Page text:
Tube strike: why was it called off and what will happen next?

London Underground, The Tube, turns 150

Both London Underground and the unions claim to be happy with the outcome, but talks are just beginning

LAST UPDATED AT 15:21 ON Wed 12 Feb 2014

THE threat of a second 48-hour strike on the London Underground was averted yesterday by a last-minute agreement between Tube bosses and the unions. But many commuters have been left bewildered by the decision and what it means for the future of the Underground.

The industrial action was called off after unions accepted the offer of an extended consultation period over plans to close all Tube ticket offices, a proposal that would mean the loss of 750 jobs, and freeze voluntary redundancies.

London Underground says its proposed changes will help modernise the network. Unions are opposed to the idea and say they were striking in order to protect passenger safety as well as prevent job losses.

Why was the strike called off?

Effectively the two sides have agreed merely to hold talks. The deal reached yesterday between the unions and London Underground ensures that:

  • The unions suspended this week's strike action.
  • There will be two months of intensive talks during which no further industrial action will take place.
  • A station-by-station review of London Underground's proposals will take place. This could mean some ticket offices will remain open.

What will the unions do next?

RMT leader Bob Crow appeared to claim victory when he told TheWeek.co.uk: "RMT will continue to put up a case to retain ticket offices and the onus is now on London Underground to make the case for individual office closures and to make that case to both the unions and the travelling public".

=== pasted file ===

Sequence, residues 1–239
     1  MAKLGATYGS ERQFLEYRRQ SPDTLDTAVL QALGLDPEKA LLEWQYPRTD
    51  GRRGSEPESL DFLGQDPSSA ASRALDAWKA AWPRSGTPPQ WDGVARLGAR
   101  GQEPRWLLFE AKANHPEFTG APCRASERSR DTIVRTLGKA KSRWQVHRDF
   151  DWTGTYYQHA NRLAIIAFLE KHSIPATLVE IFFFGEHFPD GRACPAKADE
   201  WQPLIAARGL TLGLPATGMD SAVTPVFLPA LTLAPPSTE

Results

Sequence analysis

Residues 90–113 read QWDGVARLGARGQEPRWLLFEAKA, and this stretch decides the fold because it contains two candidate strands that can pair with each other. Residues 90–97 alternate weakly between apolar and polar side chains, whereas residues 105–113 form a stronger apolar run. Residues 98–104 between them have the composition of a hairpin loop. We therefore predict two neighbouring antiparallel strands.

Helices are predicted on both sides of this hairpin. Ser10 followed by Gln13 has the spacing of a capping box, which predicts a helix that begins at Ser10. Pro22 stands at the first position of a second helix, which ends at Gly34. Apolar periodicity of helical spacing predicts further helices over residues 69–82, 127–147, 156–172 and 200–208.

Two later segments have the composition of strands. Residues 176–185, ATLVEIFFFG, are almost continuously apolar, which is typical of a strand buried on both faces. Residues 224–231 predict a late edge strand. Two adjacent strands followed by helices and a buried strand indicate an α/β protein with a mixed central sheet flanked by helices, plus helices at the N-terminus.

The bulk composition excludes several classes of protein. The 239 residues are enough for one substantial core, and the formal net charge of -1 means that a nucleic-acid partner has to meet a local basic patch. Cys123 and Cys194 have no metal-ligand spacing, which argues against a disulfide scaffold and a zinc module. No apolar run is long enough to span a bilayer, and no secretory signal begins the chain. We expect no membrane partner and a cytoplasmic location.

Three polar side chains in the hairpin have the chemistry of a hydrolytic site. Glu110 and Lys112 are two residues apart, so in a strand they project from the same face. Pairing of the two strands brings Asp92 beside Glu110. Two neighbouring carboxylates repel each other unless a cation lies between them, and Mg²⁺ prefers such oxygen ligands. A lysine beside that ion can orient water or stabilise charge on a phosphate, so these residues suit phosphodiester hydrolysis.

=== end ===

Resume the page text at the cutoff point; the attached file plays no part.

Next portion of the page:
Asked if he thought it was possible that the threat to close every ticket office was merely a ploy to make the closure of /most/ offices seem more palatable, Crow said: "If that's the case then it was a stupid game to be playing and we hope that you've called that wrong.

"We deal with the facts and the facts are that LU and the Mayor told us, and the people of London, that their plan was to close all ticket offices and that they have now moved from that position."

What is London Underground's next move?

Mike Brown, managing director of London Underground, said: "We have always said that we want the unions to engage fully with us, to help shape our proposals for the future of the Tube.

"The hard work of both the LU and union negotiating teams and the progress we have made at Acas over the last few days means we can do that without further unnecessary disruption to Londoners."

Tube Strike called off after last-minute deal

11 February

A 48-hour strike due to start this evening has been called off after both unions involved in the dispute reached a deal with London Underground.

The RMT and TSSA suspended their industrial action hours before their members were due to walk out, bringing two more days of chaos to London's transport network.

London Underground bosses "proposed two months of intensive talks with the unions, starting on Wednesday," the BBC reported. "A station-by-station review will also take place, which Tube bosses said could result in some ticket offices remaining open.

The dispute arose from Transport for London's decision to close all staffed ticket offices, which could lead to the loss of 750 London Underground jobs

The TSSA said in a statement: "We have now agreed a process where all our serious concerns over safety and job losses will be seriously addressed through the normal channels. We are obviously pleased that we have agreed this process, which will allow us to suspend our strike immediately, and cancel it later when the agreement reaches us in a formal document."

Before talks re-started this morning the RMT's John Leach had said the chances of the strike being called off were "quite slim", but this afternoon union leader Bob Crow welcomed the deal.

"We now have a golden opportunity to look again in detail at all of the concerns we have raised about the impact of the cuts on our members and the services that they provide to Londoners," he said. "That is exactly what we have been calling for throughout this dispute."